Date of Graduation


Document Type


Degree Type



Davis College of Agriculture, Natural Resources and Design


Agricultural and Resource Economics

Committee Chair

Xiaoli Etienne

Committee Member

Alan Collins

Committee Member

Bingxin Li

Committee Member

Peter V. Schaeffer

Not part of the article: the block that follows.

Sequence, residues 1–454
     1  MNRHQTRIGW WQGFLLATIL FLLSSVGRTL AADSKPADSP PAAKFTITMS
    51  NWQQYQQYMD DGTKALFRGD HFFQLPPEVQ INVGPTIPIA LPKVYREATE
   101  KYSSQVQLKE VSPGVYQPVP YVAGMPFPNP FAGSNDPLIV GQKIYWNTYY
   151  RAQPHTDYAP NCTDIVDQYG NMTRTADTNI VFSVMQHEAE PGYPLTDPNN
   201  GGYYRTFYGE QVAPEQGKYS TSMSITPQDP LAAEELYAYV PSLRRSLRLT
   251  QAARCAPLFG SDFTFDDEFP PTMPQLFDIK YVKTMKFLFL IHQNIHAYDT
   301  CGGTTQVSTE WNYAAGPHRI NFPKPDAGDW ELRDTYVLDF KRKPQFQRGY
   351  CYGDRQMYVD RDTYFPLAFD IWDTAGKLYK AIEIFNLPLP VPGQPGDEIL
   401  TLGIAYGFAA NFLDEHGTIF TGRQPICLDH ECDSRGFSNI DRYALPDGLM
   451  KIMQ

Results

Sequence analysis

This dissertation consists of three essays that explore empirical issues concerning energy prices in the United States. In particular, it analyzes the price transmission within and across different energy markets and their interactions with the overall economy. The first essay evaluates the dynamic spatial integration in the U.S. natural gas market and the relative importance of each location in the overall price discovery process. I show that the regional natural gas market is on average well-integrated in both the short- and long-runs, although market integration has declined over the past few years due to pipeline capacity constraints in an increasingly oversupplied market. In the second essay, I evaluate the effect of economic policy uncertainty on the volatility pattern in U.S. crude oil and natural gas markets, as well as how this relationship has changed in an era of abundant market supply. Natural gas and crude oil present heterogeneous volatility regimes (i.e., high vs. low volatility), in which the volatility persistence for crude oil is similar during the pre- and post-shale era, while natural gas presented significant regime changes. Economic policy uncertainty exerts a positive and significant effect on the likelihood of the high-volatility regime for both markets. However, the effect has declined after 2010, possibly reflecting the large and more efficient production of fossil fuels in the country which allows producers and investors to respond more rapidly to market shocks. Finally, the third essay revisits three important open questions in the energy economics literature, namely, the “decoupling” of crude oil and natural gas prices, the mixed relationship between natural gas and electricity prices, and the “rockets and feathers” effect between crude oil and petroleum product prices. Empirically, I analyze the directional price return predictability between various energy markets at different quantiles of their respective price return distributions. I find positive and significant spillover effects from crude oil to natural gas during bearish market conditions, which have weakened after 2013, suggesting a possible “delink” between the two markets in recent years. For the relationship between natural gas and electricity price returns, results suggest a bi-directional spillover at moderate and high return quantiles. In recent years, the two markets appear to have become more correlated during bearish market conditions, reflecting the increasing importance of natural gas as an input to produce electricity and the transition of natural gas from peak load to baseload power sources. Finally, no evidence is found for the “rockets and feathers” effect from crude oil to either gasoline or heating oil market.